If shrews are uncommon why do I see so many? Readers’ nature queries
Eye on Nature: Ethna Viney on dragonflies, truffles, crickets and sand dollars
Eyes on nature: one of the shrews that Jack Quinn saw
I have found several shrews, including the one in my photograph, this year while gardening and on walks, and friends say the same. I’ve always believed that they are fairly uncommon.
Thomastown, Co Kilkenny
Pygmy shrews are native and common but threatened by the alien white-toothed shrew, which is very local at present.
We spotted a gorgeous yellow- and black-striped dragonfly in a marshy lake area in Rathbeggan, Co Meath. It landed on my palm and was 2-2½in (4-5cm) long.
Greystones, Co Wicklow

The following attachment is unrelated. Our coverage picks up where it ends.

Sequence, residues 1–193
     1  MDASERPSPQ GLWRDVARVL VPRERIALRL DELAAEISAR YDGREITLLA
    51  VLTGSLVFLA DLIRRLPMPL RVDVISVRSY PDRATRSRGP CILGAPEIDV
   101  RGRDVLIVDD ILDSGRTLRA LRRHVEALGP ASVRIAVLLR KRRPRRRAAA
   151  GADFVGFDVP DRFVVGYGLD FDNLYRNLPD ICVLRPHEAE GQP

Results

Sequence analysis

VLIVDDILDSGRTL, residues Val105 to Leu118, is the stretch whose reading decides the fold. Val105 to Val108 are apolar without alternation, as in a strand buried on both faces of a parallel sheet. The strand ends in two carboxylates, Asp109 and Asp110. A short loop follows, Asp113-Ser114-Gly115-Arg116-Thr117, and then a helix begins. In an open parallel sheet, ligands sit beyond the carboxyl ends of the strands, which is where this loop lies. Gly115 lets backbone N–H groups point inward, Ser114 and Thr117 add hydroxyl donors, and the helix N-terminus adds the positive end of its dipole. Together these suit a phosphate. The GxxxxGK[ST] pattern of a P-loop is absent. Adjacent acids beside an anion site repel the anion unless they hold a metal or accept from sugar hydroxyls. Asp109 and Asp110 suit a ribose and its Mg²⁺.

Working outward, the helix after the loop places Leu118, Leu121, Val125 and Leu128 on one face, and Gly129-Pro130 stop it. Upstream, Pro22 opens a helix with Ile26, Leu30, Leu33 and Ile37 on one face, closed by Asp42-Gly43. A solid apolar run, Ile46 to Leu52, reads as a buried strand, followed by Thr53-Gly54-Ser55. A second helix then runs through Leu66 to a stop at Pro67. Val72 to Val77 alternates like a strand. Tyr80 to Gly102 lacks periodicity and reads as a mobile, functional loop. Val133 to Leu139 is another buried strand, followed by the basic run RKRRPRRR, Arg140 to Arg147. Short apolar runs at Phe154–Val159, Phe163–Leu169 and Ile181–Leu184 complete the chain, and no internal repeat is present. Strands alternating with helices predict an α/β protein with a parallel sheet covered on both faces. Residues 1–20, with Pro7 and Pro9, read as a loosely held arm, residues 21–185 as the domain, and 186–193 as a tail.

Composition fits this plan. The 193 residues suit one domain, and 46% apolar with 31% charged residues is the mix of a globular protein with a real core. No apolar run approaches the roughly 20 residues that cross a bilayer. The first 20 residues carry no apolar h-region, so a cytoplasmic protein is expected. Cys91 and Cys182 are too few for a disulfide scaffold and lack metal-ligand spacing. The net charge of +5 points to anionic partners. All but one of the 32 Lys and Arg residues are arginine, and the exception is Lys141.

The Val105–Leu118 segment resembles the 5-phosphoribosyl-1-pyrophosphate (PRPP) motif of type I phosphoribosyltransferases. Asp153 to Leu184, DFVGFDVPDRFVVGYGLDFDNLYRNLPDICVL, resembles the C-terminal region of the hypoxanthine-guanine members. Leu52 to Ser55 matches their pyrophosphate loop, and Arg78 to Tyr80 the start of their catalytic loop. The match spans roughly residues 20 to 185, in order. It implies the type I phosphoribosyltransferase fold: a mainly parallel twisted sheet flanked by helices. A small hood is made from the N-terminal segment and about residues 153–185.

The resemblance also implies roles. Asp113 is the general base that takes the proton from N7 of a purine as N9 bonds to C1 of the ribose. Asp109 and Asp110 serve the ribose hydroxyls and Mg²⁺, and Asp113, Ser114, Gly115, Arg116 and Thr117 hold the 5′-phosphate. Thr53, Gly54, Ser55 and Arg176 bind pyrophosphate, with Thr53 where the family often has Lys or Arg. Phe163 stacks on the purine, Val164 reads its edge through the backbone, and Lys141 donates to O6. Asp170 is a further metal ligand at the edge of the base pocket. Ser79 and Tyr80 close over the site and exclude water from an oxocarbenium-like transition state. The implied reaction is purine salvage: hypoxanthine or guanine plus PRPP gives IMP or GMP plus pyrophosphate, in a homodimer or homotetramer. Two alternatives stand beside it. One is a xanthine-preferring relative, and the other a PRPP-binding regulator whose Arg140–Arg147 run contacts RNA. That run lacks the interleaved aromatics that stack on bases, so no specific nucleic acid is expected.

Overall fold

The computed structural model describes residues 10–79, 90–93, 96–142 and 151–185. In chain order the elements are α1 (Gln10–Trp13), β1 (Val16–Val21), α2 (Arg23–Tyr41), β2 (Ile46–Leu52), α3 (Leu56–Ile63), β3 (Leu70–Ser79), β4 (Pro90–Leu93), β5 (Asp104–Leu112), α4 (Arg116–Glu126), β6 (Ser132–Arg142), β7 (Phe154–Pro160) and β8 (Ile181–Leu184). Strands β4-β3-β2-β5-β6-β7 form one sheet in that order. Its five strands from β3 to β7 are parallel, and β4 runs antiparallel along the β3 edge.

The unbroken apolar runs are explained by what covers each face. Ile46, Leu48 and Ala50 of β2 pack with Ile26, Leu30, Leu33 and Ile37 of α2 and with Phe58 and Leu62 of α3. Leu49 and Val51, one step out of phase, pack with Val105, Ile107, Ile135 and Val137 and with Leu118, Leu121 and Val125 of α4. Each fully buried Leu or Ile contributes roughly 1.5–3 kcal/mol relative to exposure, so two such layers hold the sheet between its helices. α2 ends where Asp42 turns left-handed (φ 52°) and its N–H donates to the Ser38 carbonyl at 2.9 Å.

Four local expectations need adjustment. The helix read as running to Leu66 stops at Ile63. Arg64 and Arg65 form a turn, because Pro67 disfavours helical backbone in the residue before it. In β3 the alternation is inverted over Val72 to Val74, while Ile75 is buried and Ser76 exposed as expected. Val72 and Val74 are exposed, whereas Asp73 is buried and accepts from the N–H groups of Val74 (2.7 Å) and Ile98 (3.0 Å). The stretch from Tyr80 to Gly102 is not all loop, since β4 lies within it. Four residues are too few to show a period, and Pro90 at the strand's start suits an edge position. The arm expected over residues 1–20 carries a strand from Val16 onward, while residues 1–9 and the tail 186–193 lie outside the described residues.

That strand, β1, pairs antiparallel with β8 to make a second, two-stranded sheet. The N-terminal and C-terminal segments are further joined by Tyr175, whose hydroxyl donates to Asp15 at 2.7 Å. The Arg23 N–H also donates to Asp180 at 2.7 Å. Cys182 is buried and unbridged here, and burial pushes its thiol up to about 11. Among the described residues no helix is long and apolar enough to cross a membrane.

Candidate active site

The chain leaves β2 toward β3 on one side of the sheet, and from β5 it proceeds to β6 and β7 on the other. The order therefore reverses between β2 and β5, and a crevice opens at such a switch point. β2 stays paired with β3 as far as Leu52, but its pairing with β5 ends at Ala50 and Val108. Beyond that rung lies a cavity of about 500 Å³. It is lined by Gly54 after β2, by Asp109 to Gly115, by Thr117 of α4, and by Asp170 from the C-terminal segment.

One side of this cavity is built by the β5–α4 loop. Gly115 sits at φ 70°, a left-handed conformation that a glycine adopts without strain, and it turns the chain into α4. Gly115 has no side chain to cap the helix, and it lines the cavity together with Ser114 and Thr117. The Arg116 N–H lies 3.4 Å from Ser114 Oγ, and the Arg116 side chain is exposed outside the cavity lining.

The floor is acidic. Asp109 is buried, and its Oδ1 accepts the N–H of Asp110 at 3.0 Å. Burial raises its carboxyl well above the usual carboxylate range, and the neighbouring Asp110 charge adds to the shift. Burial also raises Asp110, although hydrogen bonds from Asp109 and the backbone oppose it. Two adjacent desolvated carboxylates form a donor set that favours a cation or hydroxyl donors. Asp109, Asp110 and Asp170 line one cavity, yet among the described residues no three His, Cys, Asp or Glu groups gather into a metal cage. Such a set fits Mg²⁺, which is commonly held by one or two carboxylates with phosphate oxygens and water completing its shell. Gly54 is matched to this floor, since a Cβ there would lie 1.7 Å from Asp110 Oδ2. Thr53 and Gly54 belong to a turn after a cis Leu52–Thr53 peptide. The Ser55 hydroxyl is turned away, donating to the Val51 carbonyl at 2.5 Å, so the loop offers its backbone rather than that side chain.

It might be the golden-ringed dragonfly, which has only been confirmed in this country a couple of times. But it is more likely to be the moorland hawker, which is found in that habitat.
I found the item in my photograph just under the surface while digging out a tree in my garden. I think it is a summer truffle.
North Wall, Dublin
It looks like a summer truffle. They are found here, but not many people are looking for them. You can buy a young hazel tree with roots impregnated with truffle fungus.
I found the oak cricket in my picture in my house. I believe it is rare this far north.
This oak bush cricket is local in the southern half of Ireland. It has long wings, unlike the southern oak bush cricket, which has very short wings.
Can you identify the shell that my nephew found on a beach in California? The top surface is slightly raised and curved, and the underside completely flat.
Enniscorthy, Co Wexford
It is a sand dollar, which belongs to the same class as the sea urchins and starfish.
Ethna Viney welcomes observations and photographs at Thallabawn, Louisburgh, Co Mayo, F28 F978, or by email at email@example.com. Please include a postal address